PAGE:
Measures and vaccination of minors should be followed, experts say

vaccination in children

By Cristian Carlos. Special for Peninsula 360 Press [P360P].
The COVID-19 pandemic that started in the central city of Wuhan in China in 2019 has been caused by the new SARS-CoV-2 coronavirus with its different variants - such as Delta and Omicron.

It is estimated that the COVID-19 pandemic resulted in the death of 6.23 million people worldwide and that 512 million people have been affected.

For this reason, representatives of the health care community were summoned by Ethnic Media Services to provide a briefing on the latest on vaccines against the new coronavirus that has caused positive cases of COVID-19 disease in recent weeks and the measures that the civilian population must take to overcome the pandemic and even terminate the health measures.

Dr. Eric Feigl-Ding, co-founder and board member of the Global Health Network, and head of the COVID working group at the Complex Systems Institute in New England, is hesitant to conclude that the high U.S. vaccination rate will "win" against an emerging disease, as the CDC just reported a moderate number of deaths in other countries with higher vaccination rates.

Feigl-Ding has stated on several occasions via Twitter, his concern about the handling of the pandemic in Mexico which has seen its numbers reduced by only 12 deaths by COVID-19 in 24 hours.

He said that the exercise of "mitigation is key" to help health institutions and avoid an escalation of COVID-19 cases. "It is too early," he insisted.

"We have to hurry with the new variants," he said and mentioned that "vaccines need to be updated" to "offer them just as fast."

"It is too early to know if children will show symptoms of prolonged COVID-19," he said, since there is still no data on the new variants. He left open the possibility that some variants may have left U.S. territory.

Dr. Ben Neuman, professor of biology and chief virologist at the Texas A&M University Global Health Research Complex, said the new variants have come from COVID-19 cases in unvaccinated patients, which "caused the virus to evolve," he said.

In addition, he indicated that, ideally, the disease would have been contained in a localized area with a strict biosecurity protocol which, although it has been practiced, it has not been possible to contain it to a geographical area. In this regard, he declared the longest known variants of SARS-CoV-2 to be "extinct".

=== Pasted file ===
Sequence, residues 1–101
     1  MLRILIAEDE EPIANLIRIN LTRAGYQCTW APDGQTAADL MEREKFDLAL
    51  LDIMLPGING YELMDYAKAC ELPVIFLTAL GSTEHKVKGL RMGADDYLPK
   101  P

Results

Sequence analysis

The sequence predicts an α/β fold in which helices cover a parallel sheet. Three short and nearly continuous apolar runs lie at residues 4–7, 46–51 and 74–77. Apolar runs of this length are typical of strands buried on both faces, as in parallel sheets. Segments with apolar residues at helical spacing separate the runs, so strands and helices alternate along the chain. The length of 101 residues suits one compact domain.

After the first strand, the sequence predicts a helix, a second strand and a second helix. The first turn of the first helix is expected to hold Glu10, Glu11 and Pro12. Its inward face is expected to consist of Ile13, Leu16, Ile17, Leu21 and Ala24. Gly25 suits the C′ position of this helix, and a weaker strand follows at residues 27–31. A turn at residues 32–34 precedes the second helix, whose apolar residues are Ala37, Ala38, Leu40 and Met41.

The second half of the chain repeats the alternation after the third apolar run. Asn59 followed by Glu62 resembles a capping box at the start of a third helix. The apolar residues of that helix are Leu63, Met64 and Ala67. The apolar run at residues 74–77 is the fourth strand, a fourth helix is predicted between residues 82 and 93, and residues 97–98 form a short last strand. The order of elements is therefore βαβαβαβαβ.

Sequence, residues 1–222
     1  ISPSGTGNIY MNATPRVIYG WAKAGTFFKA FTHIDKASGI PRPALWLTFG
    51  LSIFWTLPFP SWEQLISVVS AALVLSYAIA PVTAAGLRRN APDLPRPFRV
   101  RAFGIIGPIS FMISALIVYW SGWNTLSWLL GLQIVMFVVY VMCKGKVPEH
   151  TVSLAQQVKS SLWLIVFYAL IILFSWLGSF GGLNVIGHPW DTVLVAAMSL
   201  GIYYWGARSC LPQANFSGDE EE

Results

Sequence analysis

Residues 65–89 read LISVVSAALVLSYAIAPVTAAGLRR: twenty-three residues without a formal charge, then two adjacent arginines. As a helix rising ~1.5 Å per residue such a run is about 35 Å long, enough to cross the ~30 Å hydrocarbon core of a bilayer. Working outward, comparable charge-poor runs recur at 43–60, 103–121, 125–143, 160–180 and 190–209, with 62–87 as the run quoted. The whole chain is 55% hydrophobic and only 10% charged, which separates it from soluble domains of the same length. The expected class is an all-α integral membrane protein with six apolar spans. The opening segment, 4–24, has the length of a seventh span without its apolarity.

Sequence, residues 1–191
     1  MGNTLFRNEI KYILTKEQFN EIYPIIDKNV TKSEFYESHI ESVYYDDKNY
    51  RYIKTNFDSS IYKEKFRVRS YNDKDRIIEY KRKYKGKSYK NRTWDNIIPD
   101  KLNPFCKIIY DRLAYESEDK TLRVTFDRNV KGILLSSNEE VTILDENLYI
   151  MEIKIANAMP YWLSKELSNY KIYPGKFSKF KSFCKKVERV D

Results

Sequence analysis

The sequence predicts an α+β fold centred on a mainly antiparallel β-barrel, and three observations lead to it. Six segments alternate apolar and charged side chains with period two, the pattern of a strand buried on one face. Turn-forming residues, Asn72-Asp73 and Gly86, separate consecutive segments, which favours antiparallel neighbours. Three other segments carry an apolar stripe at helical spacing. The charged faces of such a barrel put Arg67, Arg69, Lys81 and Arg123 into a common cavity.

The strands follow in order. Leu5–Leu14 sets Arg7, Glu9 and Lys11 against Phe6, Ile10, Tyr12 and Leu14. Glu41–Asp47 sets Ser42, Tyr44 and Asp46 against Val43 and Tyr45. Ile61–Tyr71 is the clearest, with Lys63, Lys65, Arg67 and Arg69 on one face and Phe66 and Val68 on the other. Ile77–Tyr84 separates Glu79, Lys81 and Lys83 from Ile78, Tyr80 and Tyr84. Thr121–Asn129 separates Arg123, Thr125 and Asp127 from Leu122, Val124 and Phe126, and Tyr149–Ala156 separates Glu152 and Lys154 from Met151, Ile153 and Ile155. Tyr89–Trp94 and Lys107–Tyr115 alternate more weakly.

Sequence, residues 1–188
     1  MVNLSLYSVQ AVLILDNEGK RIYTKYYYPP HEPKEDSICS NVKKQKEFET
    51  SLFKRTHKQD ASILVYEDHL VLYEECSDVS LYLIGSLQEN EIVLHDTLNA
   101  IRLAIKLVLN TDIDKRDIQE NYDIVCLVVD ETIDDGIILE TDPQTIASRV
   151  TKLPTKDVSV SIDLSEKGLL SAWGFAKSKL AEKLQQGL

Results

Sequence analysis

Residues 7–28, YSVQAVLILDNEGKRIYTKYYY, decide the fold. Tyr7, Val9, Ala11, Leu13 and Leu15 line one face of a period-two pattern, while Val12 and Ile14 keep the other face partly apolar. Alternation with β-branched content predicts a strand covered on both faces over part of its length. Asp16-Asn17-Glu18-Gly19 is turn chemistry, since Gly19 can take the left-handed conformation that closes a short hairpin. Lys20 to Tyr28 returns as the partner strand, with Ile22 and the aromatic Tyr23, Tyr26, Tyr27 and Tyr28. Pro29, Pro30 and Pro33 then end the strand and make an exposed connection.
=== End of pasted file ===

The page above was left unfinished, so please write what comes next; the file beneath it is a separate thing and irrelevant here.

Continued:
"I don't think, in this case, it takes the lead over coronavirus," he clarified, which are other "more urgent variants" such as Omicron.

Dr. William Schaffner, Professor of Preventive Medicine in the Department of Health Policy and Professor of Medicine in the Division of Infectious Diseases at Vanderbilt University School of Medicine, indicated that "the work of the U.S. CDC should be helped to be easy" to, in that order, rule out health measures and thus return to normal.

He stated that he still considers the use of face masks in places such as public transportation, but said that it is an obligation for people who represent a high vulnerability to diseases.

He said, without naming any specific one, that pharmaceutical companies are planning for the COVID-19 vaccine to also administer a dose of influenza vaccine.

Like his colleagues, Schaffner insisted that the vaccine is effective in reducing hospitalizations and severe cases of COVID-19.

Dr. Manisha Newaskar, a pediatric pulmonologist at Stanford Children's Health stated her concern for the U.S. child population and lamented the low vaccination rates in that segment of the population. "It's vulnerable," she said.

For the same reason, Newaskar said that vaccination of minors should continue, and that precautions such as the use of masks in public places should be redoubled.

Newaskar emphasized that "vaccines have served to prevent deaths" and stressed that, in this, "they are effective" even when "updated", referring to what Dr. Eric Feigl-Ding said.

You may be interested in: COVID-19 vaccine boosters key to reintegrating seniors back into their communities

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